Cortina Systems launches Milan all-in-one chip
Startup Cortina Systems (Mountain View, CA) has turned heads recently with the launch of Milan, an OC-192/OC-48 framer and resilient-packet-ring (RPR) media access controller (MAC) that supports SONET and Ethernet framing, packet over SONET (PoS), generic framing procedure, ATM mapping, and the IEEE 802.17 RPR standard. Designed for use in routers, switches, and transport equipment, the Milan IC is one of the first implemented in 0.13-µm CMOS. The software-selectable, hardware-ready chip has already caught the attention of Cisco Systems, and other system vendors may soon follow suit.
Today's system vendors must deploy separate line cards for PoS, RPR, ATM, Ethernet, short-reach, medium-reach, long-reach, different speeds, etc., explains Cortina marketing vice president Zino Chair. Such a strategy is inefficient and expensive, he says. While the Milan IC doesn't offer anything new from a service perspective, it does promise to reduce by "orders of magnitude" the number of line cards required to support each communications protocol—something capital-constrained carriers can appreciate.
On the system side, the Milan features a standard SPI4.2 interface that talks to any Layer 3 engine, whether in-house or external. The chip also accommodates SPI4.1, XAUI, and serial XFI.
On the line interface side, Cortina has taken the serializer/deserializer multiplexing/demultiplexing and clock and data recovery functions that normally reside in optical modules and brought them into the IC, which enables the Milan chip to talk to an XFP module directly through a serial interface. "We believe that [XFP] is going to be the optical module of choice for next-generation OC-192 and 10-Gigabit Ethernet because of its aggressive price point and small size," says Chair.
The Milan IC is also compatible with traditional optical modules like the 300-pin commonly used today, and all interfaces may be programmed as either SONET or Ethernet. "The whole idea is to give the flexibility to the system vendors to pick their optical modules," explains Chair. "Some people are not aggressive [enough] to use XFP; they want to still use 300-pin. Some people want to use Ethernet. We don't make that choice; we let the system vendors do it." Which begs the question: Is there any reason why a system vendor wouldn't incorporate a multiprotocol, multiline interface IC into its system?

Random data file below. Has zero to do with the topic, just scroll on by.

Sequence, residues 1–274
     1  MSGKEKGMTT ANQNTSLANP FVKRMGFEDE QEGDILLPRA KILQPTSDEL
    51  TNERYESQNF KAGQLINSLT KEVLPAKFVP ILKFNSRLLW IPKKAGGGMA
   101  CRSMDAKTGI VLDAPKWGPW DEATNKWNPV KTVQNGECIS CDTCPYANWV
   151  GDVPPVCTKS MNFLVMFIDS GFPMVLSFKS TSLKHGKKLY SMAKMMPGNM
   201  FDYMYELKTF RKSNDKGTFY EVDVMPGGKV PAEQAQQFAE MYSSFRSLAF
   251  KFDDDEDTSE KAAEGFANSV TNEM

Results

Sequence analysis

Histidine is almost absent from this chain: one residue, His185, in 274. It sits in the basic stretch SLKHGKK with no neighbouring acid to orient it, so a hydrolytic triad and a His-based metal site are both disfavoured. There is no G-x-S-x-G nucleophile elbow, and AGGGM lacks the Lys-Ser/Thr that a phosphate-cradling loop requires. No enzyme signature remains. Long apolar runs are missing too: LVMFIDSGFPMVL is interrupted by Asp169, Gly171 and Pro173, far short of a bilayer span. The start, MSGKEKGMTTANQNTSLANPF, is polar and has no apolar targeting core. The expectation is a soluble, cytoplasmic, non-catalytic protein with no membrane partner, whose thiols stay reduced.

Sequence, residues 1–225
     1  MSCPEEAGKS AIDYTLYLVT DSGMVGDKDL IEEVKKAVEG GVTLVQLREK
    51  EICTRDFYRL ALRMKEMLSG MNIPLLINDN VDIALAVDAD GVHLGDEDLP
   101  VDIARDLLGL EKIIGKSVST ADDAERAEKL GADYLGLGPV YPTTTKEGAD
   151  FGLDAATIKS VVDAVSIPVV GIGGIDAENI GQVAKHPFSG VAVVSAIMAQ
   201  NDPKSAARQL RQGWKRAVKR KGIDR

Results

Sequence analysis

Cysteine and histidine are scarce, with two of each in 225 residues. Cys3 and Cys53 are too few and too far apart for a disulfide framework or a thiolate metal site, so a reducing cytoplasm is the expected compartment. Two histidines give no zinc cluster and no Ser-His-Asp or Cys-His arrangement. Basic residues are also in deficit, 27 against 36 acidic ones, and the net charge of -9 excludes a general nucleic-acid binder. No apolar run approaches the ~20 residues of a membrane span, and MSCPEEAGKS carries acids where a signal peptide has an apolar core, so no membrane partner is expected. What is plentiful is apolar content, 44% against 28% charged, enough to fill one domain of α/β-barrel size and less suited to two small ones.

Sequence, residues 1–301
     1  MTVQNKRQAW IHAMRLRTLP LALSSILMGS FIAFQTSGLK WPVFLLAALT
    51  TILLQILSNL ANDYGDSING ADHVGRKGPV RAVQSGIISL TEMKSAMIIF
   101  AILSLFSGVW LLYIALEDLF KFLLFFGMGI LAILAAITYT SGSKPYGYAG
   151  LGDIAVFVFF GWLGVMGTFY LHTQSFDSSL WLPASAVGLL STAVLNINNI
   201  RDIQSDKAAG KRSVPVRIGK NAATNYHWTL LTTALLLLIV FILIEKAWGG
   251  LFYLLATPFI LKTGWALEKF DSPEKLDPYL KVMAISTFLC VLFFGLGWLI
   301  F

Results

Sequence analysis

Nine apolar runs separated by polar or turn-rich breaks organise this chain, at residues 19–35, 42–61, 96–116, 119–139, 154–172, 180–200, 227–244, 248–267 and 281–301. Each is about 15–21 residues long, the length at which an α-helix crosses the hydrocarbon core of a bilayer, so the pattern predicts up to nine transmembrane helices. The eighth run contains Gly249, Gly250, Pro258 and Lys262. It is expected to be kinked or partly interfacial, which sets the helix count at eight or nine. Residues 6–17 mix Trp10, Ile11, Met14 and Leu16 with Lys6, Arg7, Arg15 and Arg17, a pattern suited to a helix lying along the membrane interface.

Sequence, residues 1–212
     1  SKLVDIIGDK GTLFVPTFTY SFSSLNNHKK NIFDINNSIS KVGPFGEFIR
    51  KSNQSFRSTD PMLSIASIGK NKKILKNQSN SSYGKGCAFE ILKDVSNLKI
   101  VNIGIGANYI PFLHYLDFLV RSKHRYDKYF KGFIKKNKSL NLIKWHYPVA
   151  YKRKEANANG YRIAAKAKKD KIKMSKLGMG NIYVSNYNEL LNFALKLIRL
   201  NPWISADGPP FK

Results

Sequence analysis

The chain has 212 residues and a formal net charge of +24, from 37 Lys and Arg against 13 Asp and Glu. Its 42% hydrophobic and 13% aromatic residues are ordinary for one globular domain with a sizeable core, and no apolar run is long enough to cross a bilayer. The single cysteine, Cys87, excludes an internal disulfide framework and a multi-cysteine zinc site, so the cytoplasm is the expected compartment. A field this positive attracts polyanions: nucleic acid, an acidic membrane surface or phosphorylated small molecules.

"It does seem too good to be true," admits Marian Stasney, managing partner at market analyst Telecom Inquiry Solutions (Austin, TX). However, she adds, many of the reasons why a system vendor might eschew a new IC technology seem moot in Cortina's case. Price can be a deterrent, but the Milan is implemented in CMOS, which lowers its cost. Power consumption can be an issue, but Cortina claims its chip consumes less power than competitive offerings. If anything, backward compatibility might present a minor obstacle to deployment, though Stasney does not think that's enough to keep system vendors away.
For her part, Stasney is optimistic about Cortina's chances, given the company's pedigree and history of execution. "These guys have pulled it off before," she says, referring to Chair and chief executive Amir Nayyerhabibi, who together founded chipset manufacturer StratumOne Communications. StratumOne was purchased by Cisco, which happens to be the first of Cortina's announced customers. "It makes sense that they're in bed with Cisco," says Stasney, who adds, "It's not a bad spot to be in."
For the moment, Cortina's closest competition seems to be Infineon, which is slated to release a similar offering this summer. AMCC, PMC-Sierra, and Broadcom may also join the fray, though Chair is confident that Cortina has "a good year lead on the development of multiprotocol ICs." Work is already underway on a second IC, Roma. Between Milan and Roma, the company will be able to cover all rates from Gigabit Ethernet to OC-192 to 10-Gigabit Ethernet. ..